Most of us know that rice is a staple food. It’s healthy, filling, and tasty. But did you know how many calories it has? A cup of cooked rice can have anywhere from 200-300 calories depending on the type, so be careful if you’re counting your daily calorie intake!
Find out more about different types of rice.
The Lowest Calorie Rice Type
Brown rice is the lowest calorie rice of them all! It has about 200 calories per cup, which you can compare to your standard white rice, which only has about 175 calories per cup. This rice is also high in fiber and protein. A great choice for health-conscious people!
The Highest Calorie Rice Type
Instant rice, also called parboiled rice or converted rice, is one of the highest-calorie types of rice there are. It contains over 300 calories per cup depending on the brand! This type of rice is often used by many restaurants because it’s quick to make—it’s already partially cooked before packaging. However, if you use this rice at home, make sure to cook it fully!
Japanese rice, also known as ‘sushi rice’, has the most calories of all rice types with an average of 235 per 1 cup of cooked rice. Brown rice is not far behind at 218 calories per 1 cup of cooked rice. White rice comes next with 205 calories per cup and enriched white rice has an average of 189 calories per cup.
Additionally, rice bran comes in at a surprisingly low 99 calories per 1 cup and wild rice is at just 73 calories for the same portion! So how many calories do you need to account for? It all depends on your daily caloric needs and rice intake.
So calories depend on the type of rice you’re eating, but other factors affect rice calories too. For example, rice pilafs are popular for their yummy rice flavor and cooking method which involves sautéeing onion in oil or butter, adding rice to the pan later, stirring frequently while it browns to release natural rice oils and flavors, and adding broth to the rice.
It’s this last step that bumps rice calories up; if you were using a rice pilaf recipe that calls for 1 tablespoon of butter (one rice calorie!) and 1/4 cup of oil (two), your rice would end up with extra fat and an additional 75 calories.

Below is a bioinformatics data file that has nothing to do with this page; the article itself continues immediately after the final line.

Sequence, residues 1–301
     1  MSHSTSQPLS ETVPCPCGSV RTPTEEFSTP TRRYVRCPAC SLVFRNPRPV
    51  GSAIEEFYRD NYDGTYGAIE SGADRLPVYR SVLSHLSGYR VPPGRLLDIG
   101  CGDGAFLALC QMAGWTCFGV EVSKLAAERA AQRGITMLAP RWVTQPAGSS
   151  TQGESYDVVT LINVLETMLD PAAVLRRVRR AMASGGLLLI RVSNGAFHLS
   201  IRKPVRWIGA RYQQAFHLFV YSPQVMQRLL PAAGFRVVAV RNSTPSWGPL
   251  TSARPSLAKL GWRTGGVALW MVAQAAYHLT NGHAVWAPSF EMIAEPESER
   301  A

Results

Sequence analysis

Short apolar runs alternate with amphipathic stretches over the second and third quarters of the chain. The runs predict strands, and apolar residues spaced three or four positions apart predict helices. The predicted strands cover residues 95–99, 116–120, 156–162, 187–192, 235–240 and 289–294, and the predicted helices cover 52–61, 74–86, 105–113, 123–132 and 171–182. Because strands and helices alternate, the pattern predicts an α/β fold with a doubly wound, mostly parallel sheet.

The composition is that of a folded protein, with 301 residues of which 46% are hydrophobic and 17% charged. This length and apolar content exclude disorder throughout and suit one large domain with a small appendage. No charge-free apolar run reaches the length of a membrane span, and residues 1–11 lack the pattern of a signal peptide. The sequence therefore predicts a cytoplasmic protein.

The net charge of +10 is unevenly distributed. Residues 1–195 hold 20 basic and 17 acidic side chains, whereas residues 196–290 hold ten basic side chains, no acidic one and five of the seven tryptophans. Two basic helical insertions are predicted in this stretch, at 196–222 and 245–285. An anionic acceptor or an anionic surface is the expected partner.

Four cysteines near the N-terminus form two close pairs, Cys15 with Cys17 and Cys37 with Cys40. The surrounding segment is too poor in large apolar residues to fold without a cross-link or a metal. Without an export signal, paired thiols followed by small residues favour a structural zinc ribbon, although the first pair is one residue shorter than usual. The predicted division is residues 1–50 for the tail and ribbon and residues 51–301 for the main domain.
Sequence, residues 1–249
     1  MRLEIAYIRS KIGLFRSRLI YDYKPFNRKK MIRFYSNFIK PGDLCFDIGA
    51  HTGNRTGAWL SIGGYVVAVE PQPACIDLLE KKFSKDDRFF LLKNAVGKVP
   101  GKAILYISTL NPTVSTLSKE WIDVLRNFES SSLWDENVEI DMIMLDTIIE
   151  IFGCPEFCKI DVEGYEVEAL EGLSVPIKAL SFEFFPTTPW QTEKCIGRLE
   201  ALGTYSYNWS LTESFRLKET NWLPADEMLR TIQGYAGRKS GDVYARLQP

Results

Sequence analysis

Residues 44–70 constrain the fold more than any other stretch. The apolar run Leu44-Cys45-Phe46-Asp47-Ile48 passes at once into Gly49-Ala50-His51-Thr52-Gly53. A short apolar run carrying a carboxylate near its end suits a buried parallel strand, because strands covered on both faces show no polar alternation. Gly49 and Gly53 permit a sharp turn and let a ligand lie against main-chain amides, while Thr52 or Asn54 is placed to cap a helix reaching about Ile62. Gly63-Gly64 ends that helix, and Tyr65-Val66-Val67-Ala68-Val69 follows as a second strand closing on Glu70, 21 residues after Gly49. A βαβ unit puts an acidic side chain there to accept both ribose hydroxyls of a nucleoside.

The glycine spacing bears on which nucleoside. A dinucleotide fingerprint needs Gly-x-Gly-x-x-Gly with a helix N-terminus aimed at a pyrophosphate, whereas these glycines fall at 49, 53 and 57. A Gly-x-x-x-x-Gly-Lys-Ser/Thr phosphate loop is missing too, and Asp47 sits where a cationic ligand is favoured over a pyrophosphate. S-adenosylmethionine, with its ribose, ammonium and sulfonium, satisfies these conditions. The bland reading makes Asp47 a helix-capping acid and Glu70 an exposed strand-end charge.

Rice Calories Compared to Other Foods
So, rice can have a large number of calories depending on the type of rice and how it was cooked. But what does this translate to when compared to other foods? Luckily, rice is low in fat, so you don’t need to worry too much about your weight if you eat rice regularly! Here are some common rice calorie comparisons:
Cals per cup: 200-220 Cals per cup (cooked) for white rice: 210 Shredded wheat cereal – Calories per cup (dry): 346 Quaker Oatmeal Squares (cereal) per cup (dry): 336 Brown rice is lower in calories than white rice, but it’s also lower in fiber. Fiber helps you feel full, so if you’re trying to lose weight, rice that contains higher amounts of fiber may be best for you.
Reduced Calorie Spicy Rice Recipe
If you still want rice but are worried about your calorie intake, try making a rice dish with spicy seasonings! This recipe is from Cooking Light and has only 179 calories per serving. In addition to being low in calories, this meal has only 5 grams of fat per serving!
Ingredients: 1 tablespoon canola oil 2 cloves garlic, minced 1/4 cup chili powder 1/2 teaspoon ground cumin 3 cups water 2 cups rice 1/4 cup chopped fresh cilantro
Directions: Heat oil in a large saucepan over medium to high heat. Add garlic, chili powder, and cumin. Cook for 30 seconds or until very fragrant. Add rice and cook for 2 minutes stirring constantly to coat the rice with spices. Stir in water and bring rice to a boil while uncovered. Reduce heat, cover, and simmer rice for 15 minutes. Remove from the stovetop and let rice stand covered 5 more minutes before serving. Sprinkle with fresh cilantro just before serving. This recipe makes 6 servings at 179 calories each!
– A cup of rice will provide you with about half your daily recommended fiber intake! Fiber is great for keeping your digestive system working properly, maintaining a healthy weight, and clearing up cholesterol issues. So rice lovers, enjoy the rice (in moderation)!
Thanks for reading this blog post about rice calories! Share it with your friends who like rice and remember: The nutritional information we present is approximate and rounded to satisfy FDA regulations; values will vary based on the specific ingredients consumed and the proportions in which they are prepared, so please use your own best judgment when making dietary changes: Your best health results will always depend on what you put in your rice bowl.